Alexander: Committee Approves 2 Bills to “Help Americans Lead Healthier Lives,” Continues Record of Results-Oriented Bipartisanship

Urges Senate approval of bills to help the 20,000 Americans in need of a bone marrow or cord blood transplant, support 40 million family caregivers in the United States

Posted on November 18, 2015

WASHINGTON, November 18 – The chairman of the Senate health committee today urged full Senate passage of two pieces of bipartisan public health legislation, after they passed out of committee, which he said are proof of the committee’s “record of results-oriented bipartisanship.” So far this Congress, the Senate health committee has reported nine bipartisan bills out of committee.

Chairman Lamar Alexander (R-Tenn.) said, “On the Senate health committee, we have the opportunity to work on legislation that touches the lives of nearly every single American. Today our committee passed a bill that will help the 20,000 Americans in need of a bone marrow or cord blood transplant every year—as well as legislation to support the 40 million family caregivers in the United States who selflessly give of their time to support loved ones in need of help. I urge the full Senate to take up these important pieces of bipartisan legislation immediately.”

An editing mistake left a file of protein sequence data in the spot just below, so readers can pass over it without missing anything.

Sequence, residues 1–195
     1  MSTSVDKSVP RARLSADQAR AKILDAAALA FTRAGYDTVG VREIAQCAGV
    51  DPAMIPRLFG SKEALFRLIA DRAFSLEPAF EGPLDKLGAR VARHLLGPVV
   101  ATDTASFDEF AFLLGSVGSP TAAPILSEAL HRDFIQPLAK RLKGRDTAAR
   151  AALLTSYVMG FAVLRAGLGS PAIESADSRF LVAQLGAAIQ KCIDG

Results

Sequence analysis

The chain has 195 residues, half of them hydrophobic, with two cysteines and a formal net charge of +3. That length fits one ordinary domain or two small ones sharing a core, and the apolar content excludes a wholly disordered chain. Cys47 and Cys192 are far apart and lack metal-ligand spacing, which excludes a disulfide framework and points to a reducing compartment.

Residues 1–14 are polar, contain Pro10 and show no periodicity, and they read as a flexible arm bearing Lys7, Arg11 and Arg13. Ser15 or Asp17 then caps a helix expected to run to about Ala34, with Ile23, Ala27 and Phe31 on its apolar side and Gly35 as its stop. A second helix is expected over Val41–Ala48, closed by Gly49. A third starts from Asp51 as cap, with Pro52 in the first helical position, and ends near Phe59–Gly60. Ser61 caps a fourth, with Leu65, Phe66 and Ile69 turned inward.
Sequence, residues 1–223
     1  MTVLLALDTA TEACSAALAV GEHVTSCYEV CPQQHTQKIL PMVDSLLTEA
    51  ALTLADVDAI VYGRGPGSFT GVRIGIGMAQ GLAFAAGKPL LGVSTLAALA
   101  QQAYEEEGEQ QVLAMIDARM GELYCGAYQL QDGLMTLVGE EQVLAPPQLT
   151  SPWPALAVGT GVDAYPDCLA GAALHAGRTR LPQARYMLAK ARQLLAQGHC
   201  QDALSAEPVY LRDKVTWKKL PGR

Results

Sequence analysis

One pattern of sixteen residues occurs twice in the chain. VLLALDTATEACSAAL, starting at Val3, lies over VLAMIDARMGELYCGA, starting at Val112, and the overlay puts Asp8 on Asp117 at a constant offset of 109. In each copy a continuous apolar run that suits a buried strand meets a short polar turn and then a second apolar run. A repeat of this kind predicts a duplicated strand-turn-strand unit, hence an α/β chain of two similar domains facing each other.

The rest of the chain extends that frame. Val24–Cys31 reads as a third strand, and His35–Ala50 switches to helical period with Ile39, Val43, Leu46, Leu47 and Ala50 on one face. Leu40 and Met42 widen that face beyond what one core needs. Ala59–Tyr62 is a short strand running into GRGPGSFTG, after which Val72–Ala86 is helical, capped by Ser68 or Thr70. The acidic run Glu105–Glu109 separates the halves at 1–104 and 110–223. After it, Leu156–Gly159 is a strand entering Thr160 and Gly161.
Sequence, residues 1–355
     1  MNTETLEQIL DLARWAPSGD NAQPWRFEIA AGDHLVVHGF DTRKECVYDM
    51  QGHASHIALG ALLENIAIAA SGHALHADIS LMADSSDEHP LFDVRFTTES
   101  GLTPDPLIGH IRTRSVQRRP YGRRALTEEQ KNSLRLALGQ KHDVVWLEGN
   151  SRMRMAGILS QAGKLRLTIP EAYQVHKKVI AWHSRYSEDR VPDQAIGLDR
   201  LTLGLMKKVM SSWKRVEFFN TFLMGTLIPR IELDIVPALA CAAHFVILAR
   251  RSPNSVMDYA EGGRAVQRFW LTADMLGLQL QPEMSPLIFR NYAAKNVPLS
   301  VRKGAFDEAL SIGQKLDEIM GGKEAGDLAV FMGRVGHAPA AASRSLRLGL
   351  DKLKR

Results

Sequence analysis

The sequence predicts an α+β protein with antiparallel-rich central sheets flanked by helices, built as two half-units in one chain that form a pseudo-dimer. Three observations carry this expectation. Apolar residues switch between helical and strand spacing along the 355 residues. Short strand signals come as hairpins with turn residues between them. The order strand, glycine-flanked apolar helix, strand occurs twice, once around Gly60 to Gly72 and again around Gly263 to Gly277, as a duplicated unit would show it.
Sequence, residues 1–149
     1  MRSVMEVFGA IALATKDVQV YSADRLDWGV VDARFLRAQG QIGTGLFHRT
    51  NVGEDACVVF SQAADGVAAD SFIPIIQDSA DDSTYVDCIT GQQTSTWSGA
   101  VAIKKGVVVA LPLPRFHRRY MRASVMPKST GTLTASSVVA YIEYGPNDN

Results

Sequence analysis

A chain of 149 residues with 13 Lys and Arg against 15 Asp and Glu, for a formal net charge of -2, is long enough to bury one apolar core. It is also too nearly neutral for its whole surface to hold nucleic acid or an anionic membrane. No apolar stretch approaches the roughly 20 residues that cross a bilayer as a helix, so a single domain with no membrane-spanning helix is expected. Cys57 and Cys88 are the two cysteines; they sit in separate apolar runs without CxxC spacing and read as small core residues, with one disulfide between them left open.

The Stem Cell Therapeutic and Research Reauthorization Act of 2015 (H.R. 2820), offered by Senators Orrin Hatch (R-Utah), Jack Reed (D-R.I.), Richard Burr (R-N.C.) and Al Franken (D-Minn.), passed out of committee by voice vote and will reauthorize and improve important federal programs that support cord blood donation and a national bone marrow registry. About 20,000 Americans, from infants up to age 74, are diagnosed with illnesses each year where a bone marrow or cord blood transplant is their best treatment option. According to a report by the Department of Health and Human Services, the National Cord Blood Inventory adds approximately 9,000 new cord blood units each year.

The Recognize, Assist, Include, Support, and Engage, (or RAISE), Family Caregivers Act of 2015 (S. 1719), offered by Senators Susan Collins (R-Maine), Tammy Baldwin (D-Wis.), Michael Bennet (D-Colo.), Barbara Mikulski (D-Md.) and Kelly Ayotte (R-N.H.), passed out of committee by voice vote and will direct the Department of Health and Human Services to develop a National Family Caregiving Strategy to recognize and support family caregivers. In Tennessee alone, there are nearly 1 million family caregivers providing an estimated $10 billion per year in unpaid care. Supporting these family caregivers will help more people continue to live at home, and prevent hospitalizations and costly inpatient long-term care.

  

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